The DARK Daily reports that a CLIA waiver has been obtained for a point-of-care test (POCT) for lead and then discusses the implications for the clinical labs of the continuous expansion of the POCT test menu (link here). Here is the link to Magellan Bioscience, the vendor of this test. Below is a quote from the DARK Daily commentary (boldface emphasis mine)
DARK Daily predicts that much of the new diagnostic technology soon to hit the market will make it simple and reliable to perform certain diagnostic tests outside the core laboratory....As more testing can be done in near-patient settings, the test mix in core laboratories is likely to shift away from routine testing and toward more complex reference and esoteric testing. Laboratories will have to adjust their focus so that these tests are viewed as their primary source of revenue. As point of care tests become more popular, laboratories may also want to play the "If I can’t beat 'em, I'll join 'em" game and develop mobile units to administer point-of-care tests.
It's interesting to speculate about the implications for hospital labs of the expansion of the POCT menu -- here are a few of my ideas about this topic:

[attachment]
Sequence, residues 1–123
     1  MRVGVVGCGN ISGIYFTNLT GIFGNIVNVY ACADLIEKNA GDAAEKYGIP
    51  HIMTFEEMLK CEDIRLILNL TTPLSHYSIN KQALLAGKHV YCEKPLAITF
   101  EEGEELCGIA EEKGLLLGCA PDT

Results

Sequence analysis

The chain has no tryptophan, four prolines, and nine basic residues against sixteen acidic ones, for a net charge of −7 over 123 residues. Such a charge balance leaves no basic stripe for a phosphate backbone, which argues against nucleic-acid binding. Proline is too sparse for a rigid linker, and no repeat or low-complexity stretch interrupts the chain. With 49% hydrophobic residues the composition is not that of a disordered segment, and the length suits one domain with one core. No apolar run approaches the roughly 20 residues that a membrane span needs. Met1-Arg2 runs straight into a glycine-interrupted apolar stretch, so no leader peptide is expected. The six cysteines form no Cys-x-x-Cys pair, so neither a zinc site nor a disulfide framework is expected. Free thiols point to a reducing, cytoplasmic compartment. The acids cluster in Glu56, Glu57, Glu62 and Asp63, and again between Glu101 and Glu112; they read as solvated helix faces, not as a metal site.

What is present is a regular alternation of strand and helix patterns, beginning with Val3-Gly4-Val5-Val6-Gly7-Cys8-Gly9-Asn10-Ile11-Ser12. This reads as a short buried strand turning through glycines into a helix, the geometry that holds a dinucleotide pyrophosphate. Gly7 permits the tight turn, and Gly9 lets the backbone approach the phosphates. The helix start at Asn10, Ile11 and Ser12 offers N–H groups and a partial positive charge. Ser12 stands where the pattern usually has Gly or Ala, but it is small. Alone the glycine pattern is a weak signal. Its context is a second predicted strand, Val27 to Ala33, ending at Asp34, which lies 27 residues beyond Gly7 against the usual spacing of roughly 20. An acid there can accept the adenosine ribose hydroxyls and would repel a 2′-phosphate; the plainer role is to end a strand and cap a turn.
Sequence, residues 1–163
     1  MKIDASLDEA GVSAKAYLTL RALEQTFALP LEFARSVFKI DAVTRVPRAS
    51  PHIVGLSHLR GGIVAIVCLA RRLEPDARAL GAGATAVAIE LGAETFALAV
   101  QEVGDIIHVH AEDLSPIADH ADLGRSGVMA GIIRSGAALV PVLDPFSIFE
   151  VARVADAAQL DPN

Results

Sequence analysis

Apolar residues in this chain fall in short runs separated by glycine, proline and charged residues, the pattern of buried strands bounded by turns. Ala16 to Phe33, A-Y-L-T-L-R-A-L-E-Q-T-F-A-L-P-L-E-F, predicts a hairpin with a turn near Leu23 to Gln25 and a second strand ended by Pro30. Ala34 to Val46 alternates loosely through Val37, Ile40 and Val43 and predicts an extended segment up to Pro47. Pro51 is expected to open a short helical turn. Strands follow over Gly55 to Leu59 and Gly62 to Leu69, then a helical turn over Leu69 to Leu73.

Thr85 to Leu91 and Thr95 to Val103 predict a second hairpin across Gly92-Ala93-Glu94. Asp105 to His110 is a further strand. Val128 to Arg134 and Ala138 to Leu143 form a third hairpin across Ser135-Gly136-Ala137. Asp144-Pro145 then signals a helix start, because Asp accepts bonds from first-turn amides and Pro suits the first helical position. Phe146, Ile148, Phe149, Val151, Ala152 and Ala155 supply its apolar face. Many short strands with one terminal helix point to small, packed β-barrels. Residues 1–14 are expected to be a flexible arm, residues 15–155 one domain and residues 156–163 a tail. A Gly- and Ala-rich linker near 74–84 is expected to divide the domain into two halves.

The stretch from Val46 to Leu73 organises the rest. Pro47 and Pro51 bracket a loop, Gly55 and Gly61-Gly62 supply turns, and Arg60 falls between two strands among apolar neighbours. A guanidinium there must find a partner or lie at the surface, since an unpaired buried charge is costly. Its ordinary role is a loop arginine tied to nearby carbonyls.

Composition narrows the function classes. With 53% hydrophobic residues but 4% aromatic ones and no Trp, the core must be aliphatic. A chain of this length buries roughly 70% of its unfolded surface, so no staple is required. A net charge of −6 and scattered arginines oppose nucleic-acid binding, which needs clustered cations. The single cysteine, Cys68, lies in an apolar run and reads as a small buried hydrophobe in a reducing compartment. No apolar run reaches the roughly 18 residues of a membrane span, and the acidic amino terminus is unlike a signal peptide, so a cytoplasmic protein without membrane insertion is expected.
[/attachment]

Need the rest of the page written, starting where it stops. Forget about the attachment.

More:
- I have always believed that many lab professionals adopt POCT programs unwillingly because this approach to testing runs counter to the common lab paradigm that specimens travel to the central labs and then test results are published using the LIS. This lab culture needs to change as the POCT test repertoire continues to expand.
- I agree with Robert Michel that "the test mix in core laboratories is likely to shift away from routine testing and toward more complex reference and esoteric testing." However, it's useful to consider whether the most popular molecular diagnostic tests of the future can and will be performed in the majority of hospital labs. One issue will be the complexity of the tests and whether kits to perform such tests will be available for small to mid-size labs. A second issue is whether the developers of such tests will allow them to be performed by smaller labs as opposed to in-house performance or the transfer of such tests to a small network of affiliated labs ("centers of excellence").
- The concept of "mobile labs" has always interested me. Multiple POCT devices could be installed on a cart that would then be rolled to various outpatient locations. Tests would be performed as needed and the results would be routed to the LIS via a Wi-FI connection. The problem with this idea, as opposed to a fixed POCT lab in the OR or the ED, is that it requires multiple locations in a hospital with asynchronous "bursty" demand for lab testing. Such a demand pattern for testing is unusual.